{Gifted} Crazy Busy- Book Review

It’s World Mental Health Day today and something which has a significant effect on my mental health is burnout. As a co-parenting, mum-of-two, life is often a juggle. Now add in running my own business, being there for friends and family, oh, and of course, looking after my health and it all becomes too much! I have suffered from burnout three times since the end of lockdown and have struggled to adapt to the fast pace of life again, so when I was offered the chance to review a book by psychologist, Thijs Launspach on this very topic, I jumped at the opportunity.

Crazy Busy aims to educate the reader on stress and burnout, why it happens, recognising your personal stress base level and how to make changes to live a calmer and more mindful life. Thijs shares expert scientific knowledge as well as case studies with real people.

One thing I struggle with is finding the time to fit everything in. I have always identified as a perfectionist, maybe even high functioning anxiety, and I often put pressure on myself to give 100%. I also have an addiction to the online world, Instagram, TikTok, Spotify, so my brain never switches off and that has led to problems with focusing on important tasks. I didn’t realise how bad my screen time was until I was gently prompted by Thijs to check my digital wellbeing stats. I was shocked to see that I was averaging 5-6 hours a day online and on one particular day it was even higher! To quote Thijs, “That’s a lot of life time!”

Thijs emphasises the importance of turning off notifications and making yourself less available to others. We don’t need to be available 24/7 and it’s OK to set boundaries to protect your time (he talks about how to communicate this boundary and how to deal with the ways the receiver could react). Something which I also found helpful was his suggestion of drawing up a time budget for the week. It was interesting to see where I was using my time on tasks which weren’t important and how I could swap this for self-care time.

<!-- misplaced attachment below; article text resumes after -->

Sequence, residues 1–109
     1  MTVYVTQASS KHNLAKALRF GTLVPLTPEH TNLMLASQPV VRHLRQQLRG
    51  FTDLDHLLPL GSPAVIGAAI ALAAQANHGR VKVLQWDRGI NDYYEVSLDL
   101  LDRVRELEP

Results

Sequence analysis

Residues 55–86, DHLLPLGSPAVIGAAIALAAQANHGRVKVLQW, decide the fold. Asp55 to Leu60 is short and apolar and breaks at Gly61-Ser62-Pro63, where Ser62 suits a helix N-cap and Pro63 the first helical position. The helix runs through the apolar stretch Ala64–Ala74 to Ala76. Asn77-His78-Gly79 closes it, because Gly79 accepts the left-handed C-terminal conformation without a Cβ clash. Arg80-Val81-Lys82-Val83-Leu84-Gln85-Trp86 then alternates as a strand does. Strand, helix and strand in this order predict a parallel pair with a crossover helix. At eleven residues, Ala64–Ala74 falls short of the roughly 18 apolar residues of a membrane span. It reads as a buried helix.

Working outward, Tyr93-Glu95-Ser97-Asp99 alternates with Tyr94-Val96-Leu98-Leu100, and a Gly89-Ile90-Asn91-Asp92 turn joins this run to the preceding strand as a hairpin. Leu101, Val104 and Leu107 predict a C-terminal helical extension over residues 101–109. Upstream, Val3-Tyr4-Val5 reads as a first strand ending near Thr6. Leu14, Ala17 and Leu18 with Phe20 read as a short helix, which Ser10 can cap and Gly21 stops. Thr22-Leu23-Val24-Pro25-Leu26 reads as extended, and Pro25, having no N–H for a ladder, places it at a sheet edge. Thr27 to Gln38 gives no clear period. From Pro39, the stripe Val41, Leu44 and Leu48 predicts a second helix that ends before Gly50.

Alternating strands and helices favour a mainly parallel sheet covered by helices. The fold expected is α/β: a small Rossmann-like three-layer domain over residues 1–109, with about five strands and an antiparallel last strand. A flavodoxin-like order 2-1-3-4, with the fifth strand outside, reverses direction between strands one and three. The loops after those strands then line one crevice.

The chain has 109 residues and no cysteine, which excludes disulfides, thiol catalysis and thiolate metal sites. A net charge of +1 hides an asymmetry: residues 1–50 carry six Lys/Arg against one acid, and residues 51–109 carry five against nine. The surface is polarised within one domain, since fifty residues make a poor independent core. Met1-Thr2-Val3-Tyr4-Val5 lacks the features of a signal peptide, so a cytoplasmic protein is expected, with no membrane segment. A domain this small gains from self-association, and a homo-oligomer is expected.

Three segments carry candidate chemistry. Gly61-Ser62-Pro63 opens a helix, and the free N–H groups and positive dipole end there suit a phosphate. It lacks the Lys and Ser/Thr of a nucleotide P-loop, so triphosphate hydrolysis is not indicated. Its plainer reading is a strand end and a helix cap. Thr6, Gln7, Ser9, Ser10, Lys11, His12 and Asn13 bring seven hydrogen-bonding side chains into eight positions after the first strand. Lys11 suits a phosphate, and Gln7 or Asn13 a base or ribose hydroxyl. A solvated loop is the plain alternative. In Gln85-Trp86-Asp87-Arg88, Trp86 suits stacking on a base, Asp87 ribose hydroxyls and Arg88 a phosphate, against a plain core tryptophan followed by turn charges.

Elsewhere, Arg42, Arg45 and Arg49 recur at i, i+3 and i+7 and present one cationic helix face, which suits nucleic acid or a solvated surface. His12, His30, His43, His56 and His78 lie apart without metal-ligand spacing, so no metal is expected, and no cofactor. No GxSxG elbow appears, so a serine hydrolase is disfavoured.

Perfectionism is also covered and this was probably the most helpful advice in the book for me and made me realise that I was high on the unhealthy perfectionism scale. This has always led me to doing too much for others. For example when working with a brand I’ll always do something extra and send in my work 48 hours before the deadline, putting way too much pressure on myself to be seen as perfect. I was always academic at school and praised for being a great reader for my age and throughout life I have sought that validation over and over again. I am now shifting my mindset to “It’s OK to be at 80%.”

Stress is covered in great depth, especially recognising your baseline stress level. I am keeping track of my levels this week as prompted in Chapter 4. Something which I found interesting is how stress affects different people. For me my main stress is health anxiety and it can be frustrating when I feel like a friend isn’t supportive or dismisses my concerns. Now I know why I get that knee-jerk reaction.

There is also great tips for productivity and managing stress at work. What I love about Thijs is that he comes across as non-judgemental in his language, so many self-help books can make you feel like the author is preaching to you and offers advice which feels out of your depth, so you never go through with it. I have found Crazy Busy so helpful, especially in realising that I can’t live a full life while staring at my phone for hours and not looking up at the world.

Thank you for sharing your genius with us, Thijs.

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